New SEPTA police chief striving to improve safety to restore confidence in Philly's transit system

The new leader of SEPTA's police force is ready to tackle the tall task of improving safety and restoring confidence in the nation's sixth-largest public transportation system.

Chief Chuck Lawson, who spent 30 years as a transit officer, said reducing gun violence on SEPTA property is "undoubtedly" the biggest challenge he's facing. 

"My biggest challenge undoubtedly right now is gun violence we’re seeing on the system that we’ve never experienced in previous years," Chief Lawson said.

This week alone, a 19-year-old man was shot on the 15th and Market street platform. It was the second time in seven months the victim was shot on the same platform. 


Robberies on SEPTA property are up 90% compared to the first quarter of last year, according to authorities. 

Along with crime, Chief Lawson said homelessness, the opioid epidemic and mental health crises are causing riders to stay away.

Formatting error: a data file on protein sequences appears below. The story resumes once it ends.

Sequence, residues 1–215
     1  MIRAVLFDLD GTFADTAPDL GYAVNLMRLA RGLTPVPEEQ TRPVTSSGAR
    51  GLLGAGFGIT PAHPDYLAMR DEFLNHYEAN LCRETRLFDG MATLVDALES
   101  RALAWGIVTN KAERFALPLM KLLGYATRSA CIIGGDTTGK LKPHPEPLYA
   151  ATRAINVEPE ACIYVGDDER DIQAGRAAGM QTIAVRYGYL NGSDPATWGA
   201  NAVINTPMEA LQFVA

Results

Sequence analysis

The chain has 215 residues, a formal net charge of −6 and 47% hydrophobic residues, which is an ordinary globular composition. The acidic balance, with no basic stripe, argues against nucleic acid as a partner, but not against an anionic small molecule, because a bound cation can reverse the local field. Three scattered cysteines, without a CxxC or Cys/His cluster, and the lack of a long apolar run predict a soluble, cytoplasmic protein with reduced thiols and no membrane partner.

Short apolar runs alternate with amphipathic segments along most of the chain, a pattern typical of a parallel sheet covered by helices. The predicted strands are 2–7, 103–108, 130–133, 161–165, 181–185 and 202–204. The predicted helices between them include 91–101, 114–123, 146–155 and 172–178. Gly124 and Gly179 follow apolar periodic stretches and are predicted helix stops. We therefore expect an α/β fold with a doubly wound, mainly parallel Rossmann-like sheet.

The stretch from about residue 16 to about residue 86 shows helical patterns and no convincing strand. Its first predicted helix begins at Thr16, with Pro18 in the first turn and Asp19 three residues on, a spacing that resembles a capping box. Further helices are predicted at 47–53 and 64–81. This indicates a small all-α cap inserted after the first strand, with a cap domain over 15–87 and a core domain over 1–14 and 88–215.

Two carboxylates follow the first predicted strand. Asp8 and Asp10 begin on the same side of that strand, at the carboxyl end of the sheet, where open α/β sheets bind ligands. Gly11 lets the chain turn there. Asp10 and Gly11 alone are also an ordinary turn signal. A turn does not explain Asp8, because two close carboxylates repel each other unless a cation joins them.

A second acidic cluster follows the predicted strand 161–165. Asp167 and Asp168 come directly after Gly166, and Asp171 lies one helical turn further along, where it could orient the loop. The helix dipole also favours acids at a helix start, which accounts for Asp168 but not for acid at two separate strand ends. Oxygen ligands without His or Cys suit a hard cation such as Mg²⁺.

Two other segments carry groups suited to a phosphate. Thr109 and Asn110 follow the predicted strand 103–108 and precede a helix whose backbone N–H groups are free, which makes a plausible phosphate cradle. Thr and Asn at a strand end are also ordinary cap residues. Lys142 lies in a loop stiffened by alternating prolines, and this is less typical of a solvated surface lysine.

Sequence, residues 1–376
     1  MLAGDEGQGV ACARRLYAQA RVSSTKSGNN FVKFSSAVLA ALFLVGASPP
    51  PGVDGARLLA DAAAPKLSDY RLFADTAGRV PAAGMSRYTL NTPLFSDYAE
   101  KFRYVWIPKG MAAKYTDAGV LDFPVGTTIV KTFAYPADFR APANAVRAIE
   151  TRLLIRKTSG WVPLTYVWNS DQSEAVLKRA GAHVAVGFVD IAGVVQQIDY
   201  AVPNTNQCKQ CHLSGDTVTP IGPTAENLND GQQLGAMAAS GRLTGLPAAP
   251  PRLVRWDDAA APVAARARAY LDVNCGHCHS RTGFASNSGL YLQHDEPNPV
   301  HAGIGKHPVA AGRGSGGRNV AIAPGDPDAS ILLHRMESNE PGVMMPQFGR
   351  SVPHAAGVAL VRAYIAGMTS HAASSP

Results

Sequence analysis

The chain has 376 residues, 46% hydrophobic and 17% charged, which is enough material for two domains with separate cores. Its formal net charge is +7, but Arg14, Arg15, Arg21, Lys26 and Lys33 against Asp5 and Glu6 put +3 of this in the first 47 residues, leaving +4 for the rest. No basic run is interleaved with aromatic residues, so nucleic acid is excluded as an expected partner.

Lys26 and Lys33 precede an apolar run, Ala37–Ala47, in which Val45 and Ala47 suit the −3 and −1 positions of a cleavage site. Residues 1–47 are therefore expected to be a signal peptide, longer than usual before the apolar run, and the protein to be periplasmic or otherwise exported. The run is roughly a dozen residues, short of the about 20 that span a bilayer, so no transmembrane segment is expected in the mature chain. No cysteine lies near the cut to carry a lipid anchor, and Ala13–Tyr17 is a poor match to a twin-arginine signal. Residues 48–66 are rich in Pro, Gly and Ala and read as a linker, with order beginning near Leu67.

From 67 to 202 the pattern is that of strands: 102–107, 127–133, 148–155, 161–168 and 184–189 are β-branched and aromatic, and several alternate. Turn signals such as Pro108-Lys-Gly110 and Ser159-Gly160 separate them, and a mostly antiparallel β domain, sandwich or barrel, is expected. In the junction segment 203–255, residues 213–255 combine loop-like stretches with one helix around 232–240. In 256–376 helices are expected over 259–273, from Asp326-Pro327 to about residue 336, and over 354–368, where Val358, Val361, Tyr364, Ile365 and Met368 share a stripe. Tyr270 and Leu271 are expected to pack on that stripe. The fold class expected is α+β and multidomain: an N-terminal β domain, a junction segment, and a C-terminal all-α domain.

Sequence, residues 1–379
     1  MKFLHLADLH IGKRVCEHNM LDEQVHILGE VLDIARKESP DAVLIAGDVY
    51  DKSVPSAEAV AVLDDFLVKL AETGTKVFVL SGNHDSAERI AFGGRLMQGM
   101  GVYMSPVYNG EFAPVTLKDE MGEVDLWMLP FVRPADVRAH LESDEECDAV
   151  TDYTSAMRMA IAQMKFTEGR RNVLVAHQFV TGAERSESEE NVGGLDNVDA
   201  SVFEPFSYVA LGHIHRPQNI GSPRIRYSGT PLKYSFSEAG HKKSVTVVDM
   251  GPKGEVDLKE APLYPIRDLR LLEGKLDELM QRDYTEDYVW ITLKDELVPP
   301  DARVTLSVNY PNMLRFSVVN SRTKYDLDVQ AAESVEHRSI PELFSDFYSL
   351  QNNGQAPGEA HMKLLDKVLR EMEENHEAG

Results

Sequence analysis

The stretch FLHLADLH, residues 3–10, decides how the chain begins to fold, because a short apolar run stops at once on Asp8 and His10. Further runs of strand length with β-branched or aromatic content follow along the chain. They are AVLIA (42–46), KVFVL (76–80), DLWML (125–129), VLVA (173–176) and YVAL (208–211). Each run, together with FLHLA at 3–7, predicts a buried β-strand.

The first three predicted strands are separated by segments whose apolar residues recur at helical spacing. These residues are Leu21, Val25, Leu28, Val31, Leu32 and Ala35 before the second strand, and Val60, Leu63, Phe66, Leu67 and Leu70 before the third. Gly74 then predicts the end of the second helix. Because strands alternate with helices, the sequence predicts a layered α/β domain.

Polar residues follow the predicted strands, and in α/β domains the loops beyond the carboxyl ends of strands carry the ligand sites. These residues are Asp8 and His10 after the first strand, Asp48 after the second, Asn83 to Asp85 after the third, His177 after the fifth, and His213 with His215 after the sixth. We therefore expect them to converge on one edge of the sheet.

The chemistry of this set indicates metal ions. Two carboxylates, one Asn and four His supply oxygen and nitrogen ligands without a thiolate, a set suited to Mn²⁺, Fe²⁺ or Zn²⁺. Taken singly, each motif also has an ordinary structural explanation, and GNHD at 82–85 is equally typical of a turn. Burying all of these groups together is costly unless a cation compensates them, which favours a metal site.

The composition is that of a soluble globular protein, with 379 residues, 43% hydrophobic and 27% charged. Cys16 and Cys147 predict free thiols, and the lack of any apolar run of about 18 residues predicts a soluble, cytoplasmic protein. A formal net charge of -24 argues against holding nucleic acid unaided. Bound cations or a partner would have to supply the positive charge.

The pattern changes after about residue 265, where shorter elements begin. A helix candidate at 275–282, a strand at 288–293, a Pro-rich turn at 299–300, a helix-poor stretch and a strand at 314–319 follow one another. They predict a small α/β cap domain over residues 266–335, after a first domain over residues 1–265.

"Our approach is strong level of enforcement for low level crime," Chief Lawson said. "It’s an approach that’s worked phenomenal over the year to keep serious crime down. So we enforce heavily."

So far under Chief Lawson's watch, SEPTA has banned ski masks - known by some as ‘shiesties’ - from platforms and other SEPTA property. New Artificial Intelligence software used by SEPTA can identify firearms with thousands of cameras.

"There is always room to make the system safer," Chief Lawson said. "We’re getting creative to new approaches to safety we’re utilizing non law enforcement approaches."

Lawson is hoping to get riders involve as well. With SEPTA's crime reporting app he says the 600,000 riders a day can help be the eyes and ears for police.

"The Market Frankford Line looks much better than it did a couple months ago, so we are getting there," Chief Lawson said. "We have some work to do, but we’re getting there."